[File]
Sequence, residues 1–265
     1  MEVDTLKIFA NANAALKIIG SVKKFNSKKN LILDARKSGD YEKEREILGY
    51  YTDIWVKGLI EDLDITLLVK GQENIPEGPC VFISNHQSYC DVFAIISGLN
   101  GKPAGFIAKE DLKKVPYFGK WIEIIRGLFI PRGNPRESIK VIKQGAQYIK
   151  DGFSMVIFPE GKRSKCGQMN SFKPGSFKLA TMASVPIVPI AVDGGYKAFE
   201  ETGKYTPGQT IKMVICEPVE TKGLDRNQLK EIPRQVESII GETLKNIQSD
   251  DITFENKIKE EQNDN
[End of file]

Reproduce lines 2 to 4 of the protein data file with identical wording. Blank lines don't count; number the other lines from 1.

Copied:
     1  MEVDTLKIFA NANAALKIIG SVKKFNSKKN LILDARKSGD YEKEREILGY
    51  YTDIWVKGLI EDLDITLLVK GQENIPEGPC VFISNHQSYC DVFAIISGLN
   101  GKPAGFIAKE DLKKVPYFGK WIEIIRGLFI PRGNPRESIK VIKQGAQYIK